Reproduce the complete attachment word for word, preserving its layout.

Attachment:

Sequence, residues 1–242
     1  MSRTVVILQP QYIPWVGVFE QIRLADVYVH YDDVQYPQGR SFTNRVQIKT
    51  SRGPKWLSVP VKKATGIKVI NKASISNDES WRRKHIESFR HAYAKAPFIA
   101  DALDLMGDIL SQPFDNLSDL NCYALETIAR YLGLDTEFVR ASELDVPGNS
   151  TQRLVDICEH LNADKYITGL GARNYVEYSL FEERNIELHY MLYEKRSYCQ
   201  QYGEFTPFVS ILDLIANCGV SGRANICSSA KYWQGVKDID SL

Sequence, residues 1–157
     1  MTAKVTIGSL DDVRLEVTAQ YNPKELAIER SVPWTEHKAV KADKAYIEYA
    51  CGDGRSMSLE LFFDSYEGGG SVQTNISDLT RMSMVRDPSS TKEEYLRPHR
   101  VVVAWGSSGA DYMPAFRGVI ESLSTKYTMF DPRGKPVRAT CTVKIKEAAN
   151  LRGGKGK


Sequence, residues 1–242
     1  MSRTVVILQP QYIPWVGVFE QIRLADVYVH YDDVQYPQGR SFTNRVQIKT
    51  SRGPKWLSVP VKKATGIKVI NKASISNDES WRRKHIESFR HAYAKAPFIA
   101  DALDLMGDIL SQPFDNLSDL NCYALETIAR YLGLDTEFVR ASELDVPGNS
   151  TQRLVDICEH LNADKYITGL GARNYVEYSL FEERNIELHY MLYEKRSYCQ
   201  QYGEFTPFVS ILDLIANCGV SGRANICSSA KYWQGVKDID SL

Sequence, residues 1–157
     1  MTAKVTIGSL DDVRLEVTAQ YNPKELAIER SVPWTEHKAV KADKAYIEYA
    51  CGDGRSMSLE LFFDSYEGGG SVQTNISDLT RMSMVRDPSS TKEEYLRPHR
   101  VVVAWGSSGA DYMPAFRGVI ESLSTKYTMF DPRGKPVRAT CTVKIKEAAN
   151  LRGGKGK